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Weekly Market Update for October 9, 2020

by Jim Ulland

The week was dominated by the President’s apparent recovery from Covid-19 and the cat-with-nine-lives economic stimulus negotiations. The market was buoyed by the effectiveness of the treatment the President received. The treatment components are expected to be approved for “compassionate use” or “emergency use”, if needed, this month with production ramping quickly. Also expected soon will be the market-moving news on vaccines.

The drug treatment the President received had several components. The Regeneron treatment was antiviral and supported by only a small trial which had very good results. The Gilead antiviral, Remdesivir, has been in use for many weeks and reduces the length of hospital stays. In addition to these compounds was an anti-inflammatory steroid Dexamethasone, important to keep lungs functioning. A little zinc and vitamin D were added, although neither had been tested extensively for effectiveness against Covid. The market has been waiting for just such an effective “drug cocktail” so people will be less fearful about returning to more normal patterns of interaction, like getting on a plane. Reducing the fear response to Covid is necessary to get the economy back to normal.

The Fed waded into the very political stimulus discussion and said more stimulus is needed. Stimulus proposals on the amount of dollars, targeting only those in need, and the states to benefit are as much about politics as the economy. On Friday, the President raised the amount he was willing to put into a stimulus package to at least $1.8 trillion whereas Speaker Pelosi is asking $2.2T.

What does not make as much news, but is fundamental to the market, is the Federal Reserve’s position on interest rates. “Lower for longer” is the policy but it could be re-phrased as “low for a lot longer.” The Fed wants to keep rates low until 2023. After 2023, rates would depend on employment returning to pre-Covid levels and inflation reaching 2%. The September jobs report showed unemployment at 7.4% down from 14.7% in April, but still much higher than normal. Inflation for the last twelve months was a muted 1.3%. Low interest rates that stay relatively flat create an excellent environment for our fixed income strategy using preferred stock. Our target net yield to clients on our Intelligent Fixed Income strategy is 5%. The strategy is up 7% through 9/30.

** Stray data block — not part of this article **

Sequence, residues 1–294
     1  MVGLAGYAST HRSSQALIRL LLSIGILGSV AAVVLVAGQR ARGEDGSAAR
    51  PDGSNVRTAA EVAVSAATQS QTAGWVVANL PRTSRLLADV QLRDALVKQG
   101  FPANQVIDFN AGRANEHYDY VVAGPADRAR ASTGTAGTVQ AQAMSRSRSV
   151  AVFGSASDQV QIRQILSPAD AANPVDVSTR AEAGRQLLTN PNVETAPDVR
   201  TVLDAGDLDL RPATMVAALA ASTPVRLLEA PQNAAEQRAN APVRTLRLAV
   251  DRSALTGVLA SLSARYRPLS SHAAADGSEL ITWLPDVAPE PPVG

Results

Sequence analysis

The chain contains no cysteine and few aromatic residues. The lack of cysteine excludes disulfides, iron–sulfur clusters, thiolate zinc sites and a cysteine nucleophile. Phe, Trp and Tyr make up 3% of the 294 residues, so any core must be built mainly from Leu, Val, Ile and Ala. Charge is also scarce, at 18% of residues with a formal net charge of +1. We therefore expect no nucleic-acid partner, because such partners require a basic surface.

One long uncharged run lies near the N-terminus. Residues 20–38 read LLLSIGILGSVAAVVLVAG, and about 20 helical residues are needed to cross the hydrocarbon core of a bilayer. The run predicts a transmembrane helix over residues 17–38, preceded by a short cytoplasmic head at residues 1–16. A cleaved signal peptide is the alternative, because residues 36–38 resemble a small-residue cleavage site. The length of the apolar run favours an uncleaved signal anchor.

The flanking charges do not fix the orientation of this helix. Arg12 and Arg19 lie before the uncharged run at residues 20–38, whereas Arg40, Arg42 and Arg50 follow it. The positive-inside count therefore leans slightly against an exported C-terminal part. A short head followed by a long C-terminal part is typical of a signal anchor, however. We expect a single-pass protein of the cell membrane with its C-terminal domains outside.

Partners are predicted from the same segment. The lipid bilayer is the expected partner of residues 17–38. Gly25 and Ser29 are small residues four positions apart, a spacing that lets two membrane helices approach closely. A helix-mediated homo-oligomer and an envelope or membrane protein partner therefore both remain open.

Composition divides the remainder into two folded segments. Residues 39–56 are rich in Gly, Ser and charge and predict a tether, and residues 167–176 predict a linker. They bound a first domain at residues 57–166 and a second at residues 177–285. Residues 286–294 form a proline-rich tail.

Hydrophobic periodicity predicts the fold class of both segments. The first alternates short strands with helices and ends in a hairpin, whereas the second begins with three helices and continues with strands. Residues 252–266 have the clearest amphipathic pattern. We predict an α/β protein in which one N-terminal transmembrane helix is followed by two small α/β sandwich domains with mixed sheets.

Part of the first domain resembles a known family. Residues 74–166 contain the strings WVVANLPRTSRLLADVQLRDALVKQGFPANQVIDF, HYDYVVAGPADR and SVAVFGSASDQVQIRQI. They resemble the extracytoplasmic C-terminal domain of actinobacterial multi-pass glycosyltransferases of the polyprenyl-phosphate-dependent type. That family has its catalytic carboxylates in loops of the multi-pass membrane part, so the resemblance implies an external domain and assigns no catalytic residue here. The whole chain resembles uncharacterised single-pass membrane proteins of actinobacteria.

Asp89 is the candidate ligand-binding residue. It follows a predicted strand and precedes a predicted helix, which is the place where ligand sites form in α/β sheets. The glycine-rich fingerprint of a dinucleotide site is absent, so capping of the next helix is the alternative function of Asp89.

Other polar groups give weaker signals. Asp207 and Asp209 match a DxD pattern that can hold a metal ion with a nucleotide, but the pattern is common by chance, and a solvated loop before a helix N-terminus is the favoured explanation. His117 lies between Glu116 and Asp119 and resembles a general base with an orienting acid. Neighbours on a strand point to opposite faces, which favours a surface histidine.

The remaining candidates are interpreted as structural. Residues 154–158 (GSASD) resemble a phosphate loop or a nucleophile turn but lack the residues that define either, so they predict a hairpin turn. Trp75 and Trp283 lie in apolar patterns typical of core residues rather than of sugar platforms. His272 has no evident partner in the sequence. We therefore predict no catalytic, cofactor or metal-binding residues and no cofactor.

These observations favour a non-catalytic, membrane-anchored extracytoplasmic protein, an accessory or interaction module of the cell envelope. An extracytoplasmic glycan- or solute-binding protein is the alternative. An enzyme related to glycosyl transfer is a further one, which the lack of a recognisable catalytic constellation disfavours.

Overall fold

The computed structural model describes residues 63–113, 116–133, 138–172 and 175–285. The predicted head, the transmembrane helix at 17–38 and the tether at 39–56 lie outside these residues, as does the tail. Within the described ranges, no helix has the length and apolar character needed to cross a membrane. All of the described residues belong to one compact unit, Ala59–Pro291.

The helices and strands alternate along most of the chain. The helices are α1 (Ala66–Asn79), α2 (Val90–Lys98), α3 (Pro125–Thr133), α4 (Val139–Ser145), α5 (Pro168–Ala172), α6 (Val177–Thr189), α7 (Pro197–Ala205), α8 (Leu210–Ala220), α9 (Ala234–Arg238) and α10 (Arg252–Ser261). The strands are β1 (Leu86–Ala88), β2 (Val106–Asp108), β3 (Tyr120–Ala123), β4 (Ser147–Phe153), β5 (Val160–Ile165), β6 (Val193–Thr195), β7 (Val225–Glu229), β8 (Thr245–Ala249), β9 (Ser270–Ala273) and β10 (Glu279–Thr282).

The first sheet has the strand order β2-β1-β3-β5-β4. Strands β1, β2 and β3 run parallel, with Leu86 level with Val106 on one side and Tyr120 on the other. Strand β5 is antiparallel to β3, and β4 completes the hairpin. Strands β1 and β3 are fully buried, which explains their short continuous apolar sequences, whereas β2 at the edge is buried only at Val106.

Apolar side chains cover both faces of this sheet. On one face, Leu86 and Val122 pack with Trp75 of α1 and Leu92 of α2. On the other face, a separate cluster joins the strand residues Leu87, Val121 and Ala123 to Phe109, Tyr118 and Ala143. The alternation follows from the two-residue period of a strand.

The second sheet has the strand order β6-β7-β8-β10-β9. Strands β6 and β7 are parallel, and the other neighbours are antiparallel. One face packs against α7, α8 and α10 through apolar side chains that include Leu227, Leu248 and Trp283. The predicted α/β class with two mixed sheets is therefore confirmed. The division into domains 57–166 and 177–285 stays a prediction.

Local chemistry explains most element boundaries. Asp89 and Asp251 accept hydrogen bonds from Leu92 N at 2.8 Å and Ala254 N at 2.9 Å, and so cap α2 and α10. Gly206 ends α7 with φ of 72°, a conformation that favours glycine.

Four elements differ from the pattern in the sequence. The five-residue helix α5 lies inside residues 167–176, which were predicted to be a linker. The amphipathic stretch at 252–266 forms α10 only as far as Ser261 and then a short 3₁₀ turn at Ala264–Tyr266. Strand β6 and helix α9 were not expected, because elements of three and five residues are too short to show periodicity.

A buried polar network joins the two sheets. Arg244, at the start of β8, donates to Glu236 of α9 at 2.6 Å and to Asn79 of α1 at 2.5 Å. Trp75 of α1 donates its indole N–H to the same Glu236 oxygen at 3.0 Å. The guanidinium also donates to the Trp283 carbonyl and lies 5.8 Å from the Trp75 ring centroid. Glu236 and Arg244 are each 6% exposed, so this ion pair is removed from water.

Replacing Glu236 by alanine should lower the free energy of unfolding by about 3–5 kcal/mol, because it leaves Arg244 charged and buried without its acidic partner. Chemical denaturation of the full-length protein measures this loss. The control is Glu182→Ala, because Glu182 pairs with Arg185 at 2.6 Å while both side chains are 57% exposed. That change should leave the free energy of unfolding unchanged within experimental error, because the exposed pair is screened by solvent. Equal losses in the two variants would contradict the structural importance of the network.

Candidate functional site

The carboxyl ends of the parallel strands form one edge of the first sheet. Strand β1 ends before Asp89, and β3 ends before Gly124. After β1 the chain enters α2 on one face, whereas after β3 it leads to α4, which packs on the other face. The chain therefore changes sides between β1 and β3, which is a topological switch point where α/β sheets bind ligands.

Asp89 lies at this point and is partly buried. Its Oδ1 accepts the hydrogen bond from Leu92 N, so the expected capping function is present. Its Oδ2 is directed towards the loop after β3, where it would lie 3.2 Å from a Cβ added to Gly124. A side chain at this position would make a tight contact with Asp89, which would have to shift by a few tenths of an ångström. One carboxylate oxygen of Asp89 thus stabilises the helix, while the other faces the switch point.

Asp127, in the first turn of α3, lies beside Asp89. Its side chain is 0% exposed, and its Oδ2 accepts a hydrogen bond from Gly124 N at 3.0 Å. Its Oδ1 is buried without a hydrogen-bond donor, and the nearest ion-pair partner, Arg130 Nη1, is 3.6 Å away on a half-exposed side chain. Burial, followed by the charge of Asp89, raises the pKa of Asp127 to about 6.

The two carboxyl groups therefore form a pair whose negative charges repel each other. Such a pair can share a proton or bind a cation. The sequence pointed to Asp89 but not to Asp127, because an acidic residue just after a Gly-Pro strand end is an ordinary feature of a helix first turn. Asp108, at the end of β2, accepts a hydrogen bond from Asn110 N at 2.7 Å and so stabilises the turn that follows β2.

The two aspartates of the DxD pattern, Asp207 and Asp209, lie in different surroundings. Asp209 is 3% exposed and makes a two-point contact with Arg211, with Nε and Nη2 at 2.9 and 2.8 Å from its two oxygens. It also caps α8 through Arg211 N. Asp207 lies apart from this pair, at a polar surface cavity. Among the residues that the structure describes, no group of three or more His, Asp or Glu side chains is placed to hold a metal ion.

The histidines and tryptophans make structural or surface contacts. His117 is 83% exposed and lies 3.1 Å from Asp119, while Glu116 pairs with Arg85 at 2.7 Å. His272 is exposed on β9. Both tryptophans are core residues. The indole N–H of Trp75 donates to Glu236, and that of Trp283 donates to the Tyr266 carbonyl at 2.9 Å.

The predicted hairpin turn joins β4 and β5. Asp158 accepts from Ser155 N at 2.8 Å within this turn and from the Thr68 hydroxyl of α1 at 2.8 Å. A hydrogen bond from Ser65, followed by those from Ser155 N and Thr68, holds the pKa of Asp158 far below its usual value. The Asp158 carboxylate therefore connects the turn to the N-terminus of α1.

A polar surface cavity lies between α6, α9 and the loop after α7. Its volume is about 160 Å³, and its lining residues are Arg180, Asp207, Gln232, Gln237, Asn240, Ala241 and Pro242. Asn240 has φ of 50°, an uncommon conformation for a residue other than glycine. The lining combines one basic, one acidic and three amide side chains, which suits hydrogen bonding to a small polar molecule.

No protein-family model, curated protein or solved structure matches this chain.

With the good news from a Covid treatment, the President’s apparent recovery, hopes for another stimulus package, and continued low interest rates, it should not be a complete surprise that the market went up this week. The Nasdaq was up +4.56%. The S&P 500 was up +3.84%. Monday the S&P 500 was +1.80%, Tuesday -1.40%, Wednesday +1.74%, Thursday +0.80%, Friday +0.88%. Our equity strategies continued to out-perform too.

Corporate Q3 earnings start next week with JNJ, Citi Bank, JP Morgan, Bank of America, United Health, Goldman, Wells Fargo, and US Bank, among others. The major banks’ loan loss reserves will be an economic indicator to watch. Better than expected loan losses will indicate the strength of the economic recovery.

*The information contained in this commentary is not investment advice for any person. It is presented only for informational purposes to assist in explaining factors that may have had an impact in the past or may have an impact in the future on client portfolios or composites. All expressions of opinion reflect the judgment of the firm on this date and are subject to change. Included information has been obtained from sources considered reliable, but we do not guarantee that the foregoing materials are accurate or complete. Clients or prospective clients should contact Ulland Investment Advisors for individualized information prior to deciding to participate in any portfolio or making any investment decision. Ulland Investment Advisors does not provide tax advice. All clients/prospective clients are strongly urged to consult with their tax advisors regarding any potential investment. Performance quoted is past performance. Past performance is not indicative of future performance. There is always a possibility of loss. Current performance may be lower or higher than performance shown. Differences in performance versus the indices/funds may be attributable, in part, to differences in the asset make-up of the strategies vs. the indices/funds. Performance calculations are based on the reinvestment of dividends and gains unless these amounts were paid out to the client. Performance is subject to revision.